This promised to be a strange night, and it
started out wierd right from the get-go. The first act was Tenth
to the Moon, who are apparently a Pineal Ventana side-project.
They were a noise band: strange sounds and screaming. Keyboards
drove the music, and there were odd drum machine bits used to
add percussion. The band members wore lab coats, which made
them seem like a Man ... Or Astroman? influenced act. (I guess
MOAM have ruined labcoats for everyone.)
At any rate, they cranked out 30 minutes of wierd, aggressive,
elctro music. Reference points were Skinny Puppy, early Cabaret
Voltaire, and to some degree Devo. It was interesting to say
the least. The wierd thing is, people were really getting into
it. Tenth to the Moon got lots of applause, and a free CD-R
they stacked on the merch table was gone in minutes.
I suppose that they were the perfect opening band for Suicide,
in that they played a similar kind of music. And of course,
i am sure that some of the applause was from their friends.
At any rate -- i enjoyed them. That was exactly what i came
to this show to see.
Which is more than i can say about the next act: The White
Lights. I dunno if i have dissed these people here on EvilSponge
before, so i am going to do it now. Man, i hate garage rock.
I mean, i like the Velvet Underground okay and all, but really
people -- there were albums released after White Light/White
Heat, and some of them are even good!
Now, this was The White Lights last show -- band members are
moving away to greener pastures, so in a way they were the main
attraction tonight. And they did seem to have a lot of fans.
Of course, as they were performing i noticed that a large number
of their fans were guys who spent the entire performance starting
at the lead singers short skirt. I wonder how much of the "success"
this band recieved was due to her general sex-appeal? It certainly
wasn't due to originality, because the band really had none.
In all fairness though, none of them were bad musicians.
Anyway, they are gone now and i will never have to endure them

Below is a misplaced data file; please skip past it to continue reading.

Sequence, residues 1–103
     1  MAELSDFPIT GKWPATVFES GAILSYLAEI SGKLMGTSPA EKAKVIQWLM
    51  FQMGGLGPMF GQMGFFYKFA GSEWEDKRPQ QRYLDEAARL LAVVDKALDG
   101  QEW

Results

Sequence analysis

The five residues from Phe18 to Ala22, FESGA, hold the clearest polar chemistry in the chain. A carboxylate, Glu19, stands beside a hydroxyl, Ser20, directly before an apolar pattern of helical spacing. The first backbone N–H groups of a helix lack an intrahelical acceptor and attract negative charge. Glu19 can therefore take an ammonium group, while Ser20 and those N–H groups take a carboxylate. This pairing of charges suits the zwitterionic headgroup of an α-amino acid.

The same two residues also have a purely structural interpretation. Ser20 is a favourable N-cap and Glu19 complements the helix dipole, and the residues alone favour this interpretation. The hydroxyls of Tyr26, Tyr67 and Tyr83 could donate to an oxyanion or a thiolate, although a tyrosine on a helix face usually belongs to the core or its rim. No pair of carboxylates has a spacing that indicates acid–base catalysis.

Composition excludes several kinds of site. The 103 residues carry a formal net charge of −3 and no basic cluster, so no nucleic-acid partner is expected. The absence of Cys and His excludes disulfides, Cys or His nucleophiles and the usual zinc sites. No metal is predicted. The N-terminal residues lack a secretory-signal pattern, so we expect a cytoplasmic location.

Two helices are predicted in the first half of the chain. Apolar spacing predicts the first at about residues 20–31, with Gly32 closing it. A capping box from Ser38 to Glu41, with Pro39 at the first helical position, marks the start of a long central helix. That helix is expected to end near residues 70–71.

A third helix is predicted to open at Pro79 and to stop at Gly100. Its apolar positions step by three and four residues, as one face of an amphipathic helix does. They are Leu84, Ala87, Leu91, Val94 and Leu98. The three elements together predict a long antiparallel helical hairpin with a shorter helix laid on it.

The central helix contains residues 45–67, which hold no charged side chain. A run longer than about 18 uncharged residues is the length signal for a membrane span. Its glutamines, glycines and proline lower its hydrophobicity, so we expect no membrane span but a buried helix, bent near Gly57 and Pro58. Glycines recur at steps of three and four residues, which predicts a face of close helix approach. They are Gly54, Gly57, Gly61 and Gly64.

again. On this night, they played FOREVER. They even did a couple
of encores. Ugh.
When they finally ended and tore down their gear, Suicide set
up. There's only two of them, and one of them only sings, so
their show started pretty quickly. And let me say that they
look old. Really old. I mean, sure, they are from the late 70's,
but i really thought that they looked awfully rough -- more
than i would have suspected. I mean -- Wire
didn't look that old, and Pere
Ubu didn't look that rough. So i dunno -- i guess that's
New York City living for you....
Anyway, despite their somewhat geriatric appearance, they did
indeed rock it out quite nicely. They are a keyboard band, with
Alan Vega singing, screaming, posing, and dancing about looking
menacing. (No, really. The guy had this creepy "i want to dismember
you and eat your innards" sort of grin that he would shine down
on the audience. Eerie.) Meanwhile Martin Rev is standing at
his keyboards, looking like he is made of sticks held together
by a black turtleneck, grinning like a fool, and pounding away
at the keys.
I have some old Suicide stuff on vinyl, and i have enjoyed
it. Back in the 70's, no one had yet connected electronic music
with dance beats, so Suicide made grating, noisy, keyboard music.
However, for what they played tonight they have gone back and
added thumping rave beats behind their tunes. Not that they
have become a progressive trance band, but rather the drum machine
was more prevalent in the sound i heard here than it is on their
albums. And for the most part, it really worked. The tunes were
toe-tappingly good, and the pace of the music really kept the
crowd going. On the downside, i thought that the drum beat and
faster-pace they added to Ghost Rider (which was covered
by REM, and is probably Suicide's most famous tune) detracted
from the tension of the original. But, otherwise things were
On the whole, i enjoyed Suicide's set. They were very fun,
and they kept a decent crowd at The EARL until after 2 AM. Not